Comfortable or Conformable – John 12:12-50

There is nothing that we enjoy more than our personal comfort. We all love the feeling that we get when we come home after a long day and we change into our comfortable clothes and sit down and relax. We enjoy eating comfort foods, good Southern cooking that warms our souls. We like to do what is safe and we avoid conflict and confrontation as much as possible. We enjoy the comfort of the safe walls of the church, the sweet fellowship with other believers, and the involvement in that which we are familiar with. But, is this how God wants us to live? Does He want us to be comfortable? Some Christians visited a remote mission station to see how the ministry was going. As they watched the dedicated missionary team at work, they were impressed with their ministry, but admitted that they missed “civilization.” “You certainly have buried yourself out here!” one of the visitors exclaimed. “We haven’t buried ourselves,” the missionary replied. “We were planted!”[1] God is not concerned with your comfort, rather, He is concerned with your conformability. Romans 8:29 says, “For whom He did foreknow, He also did predestinate to be conformed to the image of His Son…..”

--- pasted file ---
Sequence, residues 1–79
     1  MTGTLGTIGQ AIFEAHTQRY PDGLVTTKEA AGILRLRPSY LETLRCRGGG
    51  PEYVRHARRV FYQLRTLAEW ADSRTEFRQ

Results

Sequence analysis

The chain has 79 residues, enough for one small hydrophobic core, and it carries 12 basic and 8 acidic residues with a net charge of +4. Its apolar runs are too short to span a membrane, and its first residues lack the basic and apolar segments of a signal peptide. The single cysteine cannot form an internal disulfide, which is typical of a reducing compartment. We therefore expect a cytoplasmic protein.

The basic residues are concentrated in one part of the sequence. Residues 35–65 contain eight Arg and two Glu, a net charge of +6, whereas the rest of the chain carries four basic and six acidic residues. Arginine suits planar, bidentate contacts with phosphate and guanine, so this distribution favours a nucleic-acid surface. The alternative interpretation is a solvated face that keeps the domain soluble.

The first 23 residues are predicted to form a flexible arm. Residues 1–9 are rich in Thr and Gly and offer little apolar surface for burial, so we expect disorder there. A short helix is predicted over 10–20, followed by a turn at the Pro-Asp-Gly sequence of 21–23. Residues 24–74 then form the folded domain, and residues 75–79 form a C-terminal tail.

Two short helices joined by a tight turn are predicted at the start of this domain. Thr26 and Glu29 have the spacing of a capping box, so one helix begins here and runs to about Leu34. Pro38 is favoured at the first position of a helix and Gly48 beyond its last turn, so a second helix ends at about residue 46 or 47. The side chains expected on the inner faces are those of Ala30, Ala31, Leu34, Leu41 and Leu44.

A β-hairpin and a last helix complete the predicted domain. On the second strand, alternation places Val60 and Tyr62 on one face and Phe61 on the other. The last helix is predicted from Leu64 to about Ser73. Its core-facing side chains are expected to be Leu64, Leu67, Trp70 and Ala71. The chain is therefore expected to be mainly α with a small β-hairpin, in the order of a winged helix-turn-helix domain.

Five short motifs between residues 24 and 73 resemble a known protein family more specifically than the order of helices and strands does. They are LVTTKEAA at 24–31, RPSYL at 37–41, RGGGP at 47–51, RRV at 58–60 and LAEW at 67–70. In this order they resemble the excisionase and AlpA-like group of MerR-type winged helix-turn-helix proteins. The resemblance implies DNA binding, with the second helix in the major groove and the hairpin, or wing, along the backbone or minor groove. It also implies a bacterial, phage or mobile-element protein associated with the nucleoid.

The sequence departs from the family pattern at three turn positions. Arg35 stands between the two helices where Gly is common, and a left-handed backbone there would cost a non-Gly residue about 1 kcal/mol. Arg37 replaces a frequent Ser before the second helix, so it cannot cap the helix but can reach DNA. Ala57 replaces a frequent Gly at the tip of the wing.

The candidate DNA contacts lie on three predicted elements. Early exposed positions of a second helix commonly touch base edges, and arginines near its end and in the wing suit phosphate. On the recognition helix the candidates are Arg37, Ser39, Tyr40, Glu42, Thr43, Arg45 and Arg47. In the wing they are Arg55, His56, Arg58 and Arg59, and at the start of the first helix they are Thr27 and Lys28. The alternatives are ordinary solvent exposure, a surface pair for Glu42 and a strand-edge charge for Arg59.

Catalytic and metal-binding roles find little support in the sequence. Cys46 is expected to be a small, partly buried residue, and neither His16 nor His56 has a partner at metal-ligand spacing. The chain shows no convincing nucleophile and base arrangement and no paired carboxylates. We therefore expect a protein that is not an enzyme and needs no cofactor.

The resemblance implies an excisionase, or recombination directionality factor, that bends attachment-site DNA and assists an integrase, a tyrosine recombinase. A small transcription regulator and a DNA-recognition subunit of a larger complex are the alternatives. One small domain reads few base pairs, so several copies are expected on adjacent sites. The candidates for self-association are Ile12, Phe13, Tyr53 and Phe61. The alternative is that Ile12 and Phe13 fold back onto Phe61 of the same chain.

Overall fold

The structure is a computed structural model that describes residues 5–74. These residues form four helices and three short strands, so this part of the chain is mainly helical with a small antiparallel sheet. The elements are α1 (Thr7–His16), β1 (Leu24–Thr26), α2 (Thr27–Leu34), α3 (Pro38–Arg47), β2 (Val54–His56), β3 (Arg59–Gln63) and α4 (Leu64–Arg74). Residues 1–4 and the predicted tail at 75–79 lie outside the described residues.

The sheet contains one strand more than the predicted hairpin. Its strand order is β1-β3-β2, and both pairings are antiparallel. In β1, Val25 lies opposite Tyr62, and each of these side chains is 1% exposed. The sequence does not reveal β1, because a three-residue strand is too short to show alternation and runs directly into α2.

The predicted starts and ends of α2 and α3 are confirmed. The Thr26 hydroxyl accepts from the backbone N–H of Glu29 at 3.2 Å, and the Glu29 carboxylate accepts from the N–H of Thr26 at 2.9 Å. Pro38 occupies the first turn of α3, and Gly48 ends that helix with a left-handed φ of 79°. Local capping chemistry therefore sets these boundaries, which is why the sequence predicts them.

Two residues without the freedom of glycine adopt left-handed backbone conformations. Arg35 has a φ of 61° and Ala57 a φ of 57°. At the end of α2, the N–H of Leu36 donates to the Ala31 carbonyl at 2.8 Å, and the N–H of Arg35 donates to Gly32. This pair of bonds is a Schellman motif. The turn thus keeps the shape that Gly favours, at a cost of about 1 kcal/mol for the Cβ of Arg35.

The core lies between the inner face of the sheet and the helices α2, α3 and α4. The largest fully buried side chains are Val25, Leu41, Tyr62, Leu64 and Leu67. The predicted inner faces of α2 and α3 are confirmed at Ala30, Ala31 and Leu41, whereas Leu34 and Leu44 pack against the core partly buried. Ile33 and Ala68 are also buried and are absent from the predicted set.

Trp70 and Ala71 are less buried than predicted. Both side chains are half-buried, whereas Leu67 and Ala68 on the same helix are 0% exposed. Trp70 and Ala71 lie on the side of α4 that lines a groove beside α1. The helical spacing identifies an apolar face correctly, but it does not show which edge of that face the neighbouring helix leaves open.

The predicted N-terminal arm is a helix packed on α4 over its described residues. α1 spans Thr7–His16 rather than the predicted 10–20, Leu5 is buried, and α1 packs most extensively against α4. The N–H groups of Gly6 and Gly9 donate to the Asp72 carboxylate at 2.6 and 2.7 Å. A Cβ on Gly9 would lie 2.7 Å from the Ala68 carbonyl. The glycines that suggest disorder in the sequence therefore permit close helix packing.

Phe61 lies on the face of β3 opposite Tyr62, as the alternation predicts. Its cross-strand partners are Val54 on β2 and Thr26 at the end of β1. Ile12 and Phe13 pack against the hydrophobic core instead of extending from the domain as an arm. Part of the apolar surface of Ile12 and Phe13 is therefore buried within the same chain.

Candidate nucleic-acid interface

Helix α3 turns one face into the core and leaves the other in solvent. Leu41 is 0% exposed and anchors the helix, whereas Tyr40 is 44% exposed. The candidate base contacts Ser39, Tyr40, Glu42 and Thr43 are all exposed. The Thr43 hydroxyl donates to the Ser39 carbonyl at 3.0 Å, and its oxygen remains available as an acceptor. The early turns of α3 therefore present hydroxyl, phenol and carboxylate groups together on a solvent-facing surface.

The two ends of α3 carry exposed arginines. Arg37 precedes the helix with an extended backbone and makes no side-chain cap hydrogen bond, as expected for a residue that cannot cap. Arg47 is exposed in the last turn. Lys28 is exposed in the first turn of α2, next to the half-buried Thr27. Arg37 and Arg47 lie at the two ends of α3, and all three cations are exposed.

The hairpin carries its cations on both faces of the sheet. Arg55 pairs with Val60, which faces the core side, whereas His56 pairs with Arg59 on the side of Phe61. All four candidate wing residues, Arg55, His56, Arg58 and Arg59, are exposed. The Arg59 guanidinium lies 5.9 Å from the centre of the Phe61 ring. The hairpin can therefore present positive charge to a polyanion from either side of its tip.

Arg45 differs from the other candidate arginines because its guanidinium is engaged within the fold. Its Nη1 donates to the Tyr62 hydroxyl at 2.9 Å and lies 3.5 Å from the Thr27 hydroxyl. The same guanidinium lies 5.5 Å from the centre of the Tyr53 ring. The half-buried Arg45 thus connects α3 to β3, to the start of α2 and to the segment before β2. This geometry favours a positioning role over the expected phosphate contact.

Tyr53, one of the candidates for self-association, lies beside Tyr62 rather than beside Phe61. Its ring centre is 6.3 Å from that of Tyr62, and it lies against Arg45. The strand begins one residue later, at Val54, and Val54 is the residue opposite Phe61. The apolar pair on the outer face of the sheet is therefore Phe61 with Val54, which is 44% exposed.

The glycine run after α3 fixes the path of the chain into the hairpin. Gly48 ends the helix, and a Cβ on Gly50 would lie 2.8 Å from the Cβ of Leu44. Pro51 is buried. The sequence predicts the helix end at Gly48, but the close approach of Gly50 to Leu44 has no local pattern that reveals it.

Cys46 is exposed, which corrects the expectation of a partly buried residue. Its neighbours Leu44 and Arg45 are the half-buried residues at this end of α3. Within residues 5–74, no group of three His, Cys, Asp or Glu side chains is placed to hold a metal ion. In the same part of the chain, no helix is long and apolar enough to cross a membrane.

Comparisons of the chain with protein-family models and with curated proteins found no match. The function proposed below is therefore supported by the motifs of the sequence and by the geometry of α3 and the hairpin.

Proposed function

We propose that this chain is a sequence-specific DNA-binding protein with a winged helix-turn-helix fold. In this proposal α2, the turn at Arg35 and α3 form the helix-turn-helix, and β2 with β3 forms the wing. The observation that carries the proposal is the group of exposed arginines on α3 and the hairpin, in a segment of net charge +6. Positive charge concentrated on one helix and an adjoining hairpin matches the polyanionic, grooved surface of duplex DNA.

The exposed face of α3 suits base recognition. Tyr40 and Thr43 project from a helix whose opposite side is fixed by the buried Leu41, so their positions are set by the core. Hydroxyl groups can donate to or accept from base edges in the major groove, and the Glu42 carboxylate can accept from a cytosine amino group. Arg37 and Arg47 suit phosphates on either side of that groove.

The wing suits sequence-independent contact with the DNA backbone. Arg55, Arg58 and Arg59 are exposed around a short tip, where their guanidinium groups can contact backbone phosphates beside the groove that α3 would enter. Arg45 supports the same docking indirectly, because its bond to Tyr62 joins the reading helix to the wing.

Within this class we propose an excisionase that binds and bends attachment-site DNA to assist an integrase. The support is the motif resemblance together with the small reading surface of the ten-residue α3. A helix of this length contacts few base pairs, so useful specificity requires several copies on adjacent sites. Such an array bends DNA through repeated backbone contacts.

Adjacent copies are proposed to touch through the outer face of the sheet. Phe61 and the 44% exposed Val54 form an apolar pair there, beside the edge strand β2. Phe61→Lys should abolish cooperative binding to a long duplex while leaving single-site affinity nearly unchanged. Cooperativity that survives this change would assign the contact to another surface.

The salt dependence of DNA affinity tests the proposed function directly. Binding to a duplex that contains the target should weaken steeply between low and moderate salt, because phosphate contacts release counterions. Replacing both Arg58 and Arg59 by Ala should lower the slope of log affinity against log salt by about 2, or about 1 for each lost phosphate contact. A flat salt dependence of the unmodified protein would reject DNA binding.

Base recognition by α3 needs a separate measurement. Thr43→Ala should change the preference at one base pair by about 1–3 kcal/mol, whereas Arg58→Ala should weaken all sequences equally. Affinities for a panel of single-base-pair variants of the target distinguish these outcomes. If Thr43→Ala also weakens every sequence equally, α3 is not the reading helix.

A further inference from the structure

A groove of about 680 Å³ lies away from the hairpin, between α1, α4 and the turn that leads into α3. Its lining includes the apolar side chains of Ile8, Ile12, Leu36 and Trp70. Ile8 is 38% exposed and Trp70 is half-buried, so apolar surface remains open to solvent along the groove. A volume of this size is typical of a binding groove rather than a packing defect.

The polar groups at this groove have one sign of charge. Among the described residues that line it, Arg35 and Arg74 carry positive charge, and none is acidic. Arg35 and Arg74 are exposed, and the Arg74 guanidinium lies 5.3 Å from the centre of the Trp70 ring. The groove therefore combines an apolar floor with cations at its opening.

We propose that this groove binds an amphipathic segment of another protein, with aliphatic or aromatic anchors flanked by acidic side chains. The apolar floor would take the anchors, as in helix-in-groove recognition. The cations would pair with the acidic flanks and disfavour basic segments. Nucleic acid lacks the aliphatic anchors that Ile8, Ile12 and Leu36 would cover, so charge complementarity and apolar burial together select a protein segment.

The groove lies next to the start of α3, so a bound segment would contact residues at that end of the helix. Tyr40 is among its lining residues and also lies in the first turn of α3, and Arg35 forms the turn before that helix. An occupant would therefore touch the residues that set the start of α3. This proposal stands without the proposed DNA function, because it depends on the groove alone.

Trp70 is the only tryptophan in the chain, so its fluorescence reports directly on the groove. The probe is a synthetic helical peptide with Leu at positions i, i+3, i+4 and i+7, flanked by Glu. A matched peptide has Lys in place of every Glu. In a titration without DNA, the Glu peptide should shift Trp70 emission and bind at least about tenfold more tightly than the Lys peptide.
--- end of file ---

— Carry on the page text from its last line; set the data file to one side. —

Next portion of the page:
Our text is within the context of what is known as the triumphal entry of Jesus. This event marks the beginning of the end of Jesus’ ministry on earth. He is soon to be crucified, resurrected, and ascend back to heaven. As this event unfolds, there are several thoughts to consider concerning being comfortable or conformable.

The Perspective (v. 12-19). The triumphal entry is found in all four gospels. It is triumphal because it marks the beginning of Jesus doing what He came to do; save the world from sin. It is as if Jesus is participating in a victory parade before the real battle even begins. Though, this appears to be a joyous occasion, it certainly was not comfortable for Jesus. He knew what was to come. The very people that welcomed Him into Jerusalem that day would soon be shouting: Crucify Him! For Jesus, He was conforming to the will of the Father. He was conforming to the written Word by doing what was prophesied of Him by Zechariah. This was not comfortable for Jesus. He was about to suffer the greatest pain and agony that any human being could ever possibly suffer. Victory does not come without a cost. In order to be triumphant, there must be pain. As the saying goes, ‘no pain, no gain.’ You and I cannot be victorious in our lives without some element of pain. Conforming to the will of God is never easy. However, when we come out the other side, conformity to the will God is worth it all.